History of Trial by Jury in the Spanish Legal System
|Author: ||Gleadow, Carmen|
Traces the emergence of the jury in 19th century Spain and its establishment and disappearances throughout 190 years of Spanish history. The work is inter-disciplinary, placing the successive Spanish jury laws within a general political and social context. It includes previously-unexplored material on the origins of the échevinat; it addresses issues not confronted by Spanish or other jurists, and it questions received wisdom.
“Dr. Gleadow relied upon extensive exploration of both the primary evidence of legal and constitutional texts and the secondary evidence of contemporary comment and debate. This is an approach which she extended fruitfully into her treatment of the subject in the present century, which is where the principal concern of her investigation lies. In examining the tortuous history of the definition and introduction of this important institution in the successive political climates of modern Spain, Dr. Gleadow has made use of ever-wider sources of information, culminating in her final chapters in which the constitutional debates of the post-Franco period are explored not only in printed sources but also through her interviews with leading participants in the process by which democratic institutions, among them the jury, were extended and consolidated, and by her direct observation of court practice.” – David Hook
Table of Contents
“Dr. Gleadow’s work on the Jury in Spain is more detailed and more comprehensive than anything else published on the subject, in English or in Spanish.. . . . fills an important gap in Hispanic studies and is a major contribution to our understanding of how the Spanish legal system has developed over nearly two hundred difficult years. . . . the preface by Dr. Gustavo López is an eloquent testimony to the importance of this book. He is an illustrious Spanish jurist and authority on the subject, and his willingness to attach his name to Dr. Gleadow’s book is striking evidence of its value.. . . . will attract the attention not only of Hispanists, but also of numerous persons who are becoming increasingly interested in the details of Spanish institutional life now that the country has become a major force in the European Union.” – John Butt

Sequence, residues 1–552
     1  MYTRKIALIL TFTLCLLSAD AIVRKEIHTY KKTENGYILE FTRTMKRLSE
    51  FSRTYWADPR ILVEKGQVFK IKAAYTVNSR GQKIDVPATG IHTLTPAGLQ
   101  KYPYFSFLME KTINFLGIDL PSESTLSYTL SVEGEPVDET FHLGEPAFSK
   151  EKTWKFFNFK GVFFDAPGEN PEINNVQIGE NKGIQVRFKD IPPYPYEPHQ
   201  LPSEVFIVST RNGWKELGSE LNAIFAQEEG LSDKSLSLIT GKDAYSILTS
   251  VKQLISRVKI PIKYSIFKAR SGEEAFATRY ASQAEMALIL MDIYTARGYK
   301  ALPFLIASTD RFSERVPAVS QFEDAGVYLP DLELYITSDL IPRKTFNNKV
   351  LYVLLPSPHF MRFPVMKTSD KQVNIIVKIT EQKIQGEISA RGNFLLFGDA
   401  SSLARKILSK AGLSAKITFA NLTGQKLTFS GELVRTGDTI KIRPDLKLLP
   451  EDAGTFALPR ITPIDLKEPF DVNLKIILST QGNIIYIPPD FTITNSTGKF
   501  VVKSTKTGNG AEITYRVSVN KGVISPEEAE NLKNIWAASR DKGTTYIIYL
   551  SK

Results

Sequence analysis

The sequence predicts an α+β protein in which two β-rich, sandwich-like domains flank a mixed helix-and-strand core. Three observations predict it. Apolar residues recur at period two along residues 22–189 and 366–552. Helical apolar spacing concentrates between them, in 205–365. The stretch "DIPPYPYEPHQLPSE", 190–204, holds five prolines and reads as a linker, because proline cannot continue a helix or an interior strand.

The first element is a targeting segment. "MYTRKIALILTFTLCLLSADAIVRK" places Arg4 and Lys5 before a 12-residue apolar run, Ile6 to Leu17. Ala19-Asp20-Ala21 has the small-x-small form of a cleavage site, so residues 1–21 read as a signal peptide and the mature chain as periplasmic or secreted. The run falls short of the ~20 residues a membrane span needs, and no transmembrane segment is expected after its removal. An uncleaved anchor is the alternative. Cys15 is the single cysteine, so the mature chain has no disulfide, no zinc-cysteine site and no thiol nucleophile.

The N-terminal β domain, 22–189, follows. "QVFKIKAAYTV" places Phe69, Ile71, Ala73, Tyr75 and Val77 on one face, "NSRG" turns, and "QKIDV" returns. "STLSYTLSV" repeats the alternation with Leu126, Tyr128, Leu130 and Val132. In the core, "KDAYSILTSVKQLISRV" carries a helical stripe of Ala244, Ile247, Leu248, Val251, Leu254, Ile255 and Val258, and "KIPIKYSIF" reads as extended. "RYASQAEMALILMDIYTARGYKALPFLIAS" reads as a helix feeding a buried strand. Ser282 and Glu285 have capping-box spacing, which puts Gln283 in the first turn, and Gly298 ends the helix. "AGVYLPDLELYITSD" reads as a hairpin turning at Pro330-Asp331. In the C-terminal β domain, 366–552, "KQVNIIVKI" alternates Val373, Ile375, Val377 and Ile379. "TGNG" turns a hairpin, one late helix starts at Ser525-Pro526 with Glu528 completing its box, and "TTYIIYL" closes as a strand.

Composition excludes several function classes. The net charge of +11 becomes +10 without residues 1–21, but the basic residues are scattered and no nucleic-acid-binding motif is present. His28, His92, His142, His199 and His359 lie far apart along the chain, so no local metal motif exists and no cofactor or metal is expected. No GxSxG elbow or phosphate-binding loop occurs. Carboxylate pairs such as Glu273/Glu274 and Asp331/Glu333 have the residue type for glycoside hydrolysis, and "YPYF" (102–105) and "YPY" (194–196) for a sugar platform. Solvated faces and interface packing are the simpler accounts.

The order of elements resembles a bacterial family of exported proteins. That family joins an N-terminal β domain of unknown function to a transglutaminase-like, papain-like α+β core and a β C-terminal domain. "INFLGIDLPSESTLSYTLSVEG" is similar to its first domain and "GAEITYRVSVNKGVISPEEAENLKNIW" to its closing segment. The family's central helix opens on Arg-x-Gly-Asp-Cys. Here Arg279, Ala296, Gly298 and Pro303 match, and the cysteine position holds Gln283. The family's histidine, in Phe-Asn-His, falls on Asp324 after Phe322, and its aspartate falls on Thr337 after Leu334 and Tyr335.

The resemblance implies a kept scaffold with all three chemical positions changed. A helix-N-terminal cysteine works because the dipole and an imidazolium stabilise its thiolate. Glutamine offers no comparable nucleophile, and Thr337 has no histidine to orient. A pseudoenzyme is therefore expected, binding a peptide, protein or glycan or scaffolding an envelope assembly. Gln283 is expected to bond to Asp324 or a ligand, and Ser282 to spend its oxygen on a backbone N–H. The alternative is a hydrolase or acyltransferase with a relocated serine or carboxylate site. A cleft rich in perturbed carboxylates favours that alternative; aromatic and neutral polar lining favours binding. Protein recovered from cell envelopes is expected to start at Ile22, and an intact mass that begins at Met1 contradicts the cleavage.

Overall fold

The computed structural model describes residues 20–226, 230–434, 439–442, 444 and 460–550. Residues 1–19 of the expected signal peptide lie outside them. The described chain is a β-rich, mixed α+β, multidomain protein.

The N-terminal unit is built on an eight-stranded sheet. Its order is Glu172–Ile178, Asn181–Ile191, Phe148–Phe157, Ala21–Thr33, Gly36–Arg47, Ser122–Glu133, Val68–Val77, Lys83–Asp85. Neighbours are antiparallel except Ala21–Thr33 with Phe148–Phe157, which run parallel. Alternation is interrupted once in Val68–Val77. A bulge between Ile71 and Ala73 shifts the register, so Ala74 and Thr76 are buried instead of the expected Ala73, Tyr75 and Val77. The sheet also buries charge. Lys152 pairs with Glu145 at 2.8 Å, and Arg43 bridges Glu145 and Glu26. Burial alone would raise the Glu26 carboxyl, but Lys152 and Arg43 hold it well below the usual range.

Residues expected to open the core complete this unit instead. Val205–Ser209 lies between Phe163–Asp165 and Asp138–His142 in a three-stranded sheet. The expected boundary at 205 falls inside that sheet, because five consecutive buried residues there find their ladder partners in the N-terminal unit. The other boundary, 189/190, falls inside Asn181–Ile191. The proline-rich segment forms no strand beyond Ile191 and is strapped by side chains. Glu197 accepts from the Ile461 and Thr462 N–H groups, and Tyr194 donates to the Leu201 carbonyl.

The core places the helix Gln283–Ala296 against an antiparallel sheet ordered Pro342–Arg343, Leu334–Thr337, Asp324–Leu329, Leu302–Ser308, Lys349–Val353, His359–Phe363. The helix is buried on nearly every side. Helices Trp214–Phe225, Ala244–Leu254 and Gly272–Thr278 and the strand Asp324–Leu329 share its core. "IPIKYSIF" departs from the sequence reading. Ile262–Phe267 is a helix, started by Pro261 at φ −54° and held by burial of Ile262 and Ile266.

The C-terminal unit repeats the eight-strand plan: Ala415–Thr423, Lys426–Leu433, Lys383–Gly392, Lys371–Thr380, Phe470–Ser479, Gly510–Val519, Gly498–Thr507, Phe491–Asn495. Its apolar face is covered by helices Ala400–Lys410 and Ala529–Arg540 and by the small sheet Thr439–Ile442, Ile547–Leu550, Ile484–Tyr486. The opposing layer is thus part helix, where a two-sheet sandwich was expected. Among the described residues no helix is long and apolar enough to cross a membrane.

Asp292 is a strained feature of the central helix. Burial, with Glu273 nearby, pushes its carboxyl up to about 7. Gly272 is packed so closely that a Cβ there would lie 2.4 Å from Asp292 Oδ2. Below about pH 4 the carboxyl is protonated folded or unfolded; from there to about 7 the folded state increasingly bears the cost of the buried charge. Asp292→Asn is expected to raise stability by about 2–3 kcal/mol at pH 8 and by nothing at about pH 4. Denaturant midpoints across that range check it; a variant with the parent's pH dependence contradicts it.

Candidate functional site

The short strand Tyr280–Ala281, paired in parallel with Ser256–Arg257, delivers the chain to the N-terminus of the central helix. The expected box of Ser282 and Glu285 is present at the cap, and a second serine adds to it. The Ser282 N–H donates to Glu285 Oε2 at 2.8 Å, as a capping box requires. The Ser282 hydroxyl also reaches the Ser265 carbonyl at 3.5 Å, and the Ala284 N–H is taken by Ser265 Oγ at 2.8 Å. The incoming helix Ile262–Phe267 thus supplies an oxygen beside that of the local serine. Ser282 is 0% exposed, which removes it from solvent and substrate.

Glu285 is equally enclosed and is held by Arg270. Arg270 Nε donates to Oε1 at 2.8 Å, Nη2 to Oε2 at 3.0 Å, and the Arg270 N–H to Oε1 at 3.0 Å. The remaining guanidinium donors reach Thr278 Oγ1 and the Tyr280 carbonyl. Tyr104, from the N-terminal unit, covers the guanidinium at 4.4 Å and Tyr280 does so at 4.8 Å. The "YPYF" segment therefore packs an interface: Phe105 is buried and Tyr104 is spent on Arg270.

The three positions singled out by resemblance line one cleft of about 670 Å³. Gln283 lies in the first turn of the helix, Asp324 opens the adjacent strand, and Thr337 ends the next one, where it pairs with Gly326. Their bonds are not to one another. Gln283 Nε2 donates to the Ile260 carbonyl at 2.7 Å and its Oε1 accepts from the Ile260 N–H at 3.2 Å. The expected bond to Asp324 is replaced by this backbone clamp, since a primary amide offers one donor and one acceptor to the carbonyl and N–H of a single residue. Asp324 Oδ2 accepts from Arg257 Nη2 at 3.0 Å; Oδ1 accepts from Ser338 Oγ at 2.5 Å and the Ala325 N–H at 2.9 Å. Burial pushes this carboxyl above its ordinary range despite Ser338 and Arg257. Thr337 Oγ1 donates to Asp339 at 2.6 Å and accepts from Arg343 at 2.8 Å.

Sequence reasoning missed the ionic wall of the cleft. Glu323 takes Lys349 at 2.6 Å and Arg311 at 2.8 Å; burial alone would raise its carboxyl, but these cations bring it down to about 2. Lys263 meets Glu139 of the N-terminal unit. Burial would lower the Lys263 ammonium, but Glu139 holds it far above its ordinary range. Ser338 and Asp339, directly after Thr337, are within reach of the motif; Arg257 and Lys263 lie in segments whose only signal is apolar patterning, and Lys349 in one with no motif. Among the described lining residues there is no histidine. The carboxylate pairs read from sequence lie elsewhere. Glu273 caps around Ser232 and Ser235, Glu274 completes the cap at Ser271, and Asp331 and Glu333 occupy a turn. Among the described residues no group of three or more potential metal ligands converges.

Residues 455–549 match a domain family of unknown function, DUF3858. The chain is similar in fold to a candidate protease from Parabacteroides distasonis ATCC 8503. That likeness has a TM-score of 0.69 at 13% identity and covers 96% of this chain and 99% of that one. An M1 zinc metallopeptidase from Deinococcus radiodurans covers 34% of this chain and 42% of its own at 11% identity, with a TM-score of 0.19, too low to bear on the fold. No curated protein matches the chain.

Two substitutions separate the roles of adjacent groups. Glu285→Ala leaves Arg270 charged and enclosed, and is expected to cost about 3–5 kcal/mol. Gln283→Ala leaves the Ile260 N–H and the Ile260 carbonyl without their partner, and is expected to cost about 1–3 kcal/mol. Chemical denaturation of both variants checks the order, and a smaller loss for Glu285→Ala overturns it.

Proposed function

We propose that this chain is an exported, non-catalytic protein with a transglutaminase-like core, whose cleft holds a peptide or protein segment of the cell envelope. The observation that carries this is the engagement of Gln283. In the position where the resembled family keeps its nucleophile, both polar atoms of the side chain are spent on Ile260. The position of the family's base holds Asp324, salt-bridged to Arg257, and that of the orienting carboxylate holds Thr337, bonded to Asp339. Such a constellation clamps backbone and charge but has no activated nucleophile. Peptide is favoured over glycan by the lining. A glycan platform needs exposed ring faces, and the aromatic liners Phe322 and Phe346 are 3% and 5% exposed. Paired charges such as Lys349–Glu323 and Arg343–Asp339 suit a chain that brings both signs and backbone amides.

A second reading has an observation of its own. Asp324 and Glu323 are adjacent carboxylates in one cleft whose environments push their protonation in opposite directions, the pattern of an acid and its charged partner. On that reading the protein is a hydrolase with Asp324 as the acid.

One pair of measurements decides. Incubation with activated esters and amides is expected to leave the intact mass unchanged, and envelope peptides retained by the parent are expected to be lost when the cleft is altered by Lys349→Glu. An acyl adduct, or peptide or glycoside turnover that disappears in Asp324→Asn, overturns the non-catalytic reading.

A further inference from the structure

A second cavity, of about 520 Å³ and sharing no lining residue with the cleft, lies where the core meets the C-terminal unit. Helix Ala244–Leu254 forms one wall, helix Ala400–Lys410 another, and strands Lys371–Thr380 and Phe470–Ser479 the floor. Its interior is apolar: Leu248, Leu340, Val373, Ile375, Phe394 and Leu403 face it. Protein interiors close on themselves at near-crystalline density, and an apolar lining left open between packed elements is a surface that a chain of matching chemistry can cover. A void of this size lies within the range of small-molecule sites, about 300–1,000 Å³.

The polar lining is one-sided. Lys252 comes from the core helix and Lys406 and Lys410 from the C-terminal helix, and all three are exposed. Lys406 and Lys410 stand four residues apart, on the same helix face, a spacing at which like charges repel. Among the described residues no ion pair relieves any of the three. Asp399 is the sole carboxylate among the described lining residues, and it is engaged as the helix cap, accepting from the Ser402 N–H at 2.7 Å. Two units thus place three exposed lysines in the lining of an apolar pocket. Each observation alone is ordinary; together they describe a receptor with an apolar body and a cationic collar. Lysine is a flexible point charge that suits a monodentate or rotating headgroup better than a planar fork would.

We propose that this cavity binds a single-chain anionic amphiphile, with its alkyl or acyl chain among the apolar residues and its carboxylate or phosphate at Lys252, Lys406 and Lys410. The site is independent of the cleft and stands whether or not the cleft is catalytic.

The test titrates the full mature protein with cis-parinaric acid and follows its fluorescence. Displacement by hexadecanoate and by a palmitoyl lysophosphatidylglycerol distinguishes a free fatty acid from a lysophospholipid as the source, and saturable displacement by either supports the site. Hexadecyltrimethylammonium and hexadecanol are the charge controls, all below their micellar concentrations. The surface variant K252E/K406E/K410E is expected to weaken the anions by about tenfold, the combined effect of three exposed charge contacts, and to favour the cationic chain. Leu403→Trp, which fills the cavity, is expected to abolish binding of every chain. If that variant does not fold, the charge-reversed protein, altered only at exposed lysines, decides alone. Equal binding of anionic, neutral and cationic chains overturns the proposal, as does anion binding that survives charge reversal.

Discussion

Table of contents:
Preface by Dr. Gustavo López
1. The jury and escabinado in Western Europe: trial procedure in 13th century Europe; the French Revolution of 1789; rise of 20th century European dictatorships and its aftermath – Germany, Italy and France
2. The jury as a limited experiment in Spain: 1808-1837 Absolute monarchy; 1837-1868 Constitutional monarchy
3. The extension of the jury to most crimes: 1868-1875 A revolution and a republic; 1975-1908 Restored monarchy
4. The end of a precarious journey and beyond: 1908-31 Parliamentary monarchy and dictatorship; 1931-36 The Second Republic; 1936-39 Civil war and another dictatorship
5. Administration of justice in Spain 1939-to the 1980s: Legal measures and the juducial situation under Franco; the judiciary after Franco
6. Main features of the arguments for and against the jury and the escabinado: philosophical grounds; socio-legal grounds; political arguments; economic arguments.
7. The Fundamental Law on the Jury of 22 May 1995: the ‘Fundamental’ status Law on the Jury of 1995; Main issues and concerns in the parliamentary debates on the jury; Fundamental Law on the Jury of 1995; The views of some members of the legal profession
Conclusions; bibliography; index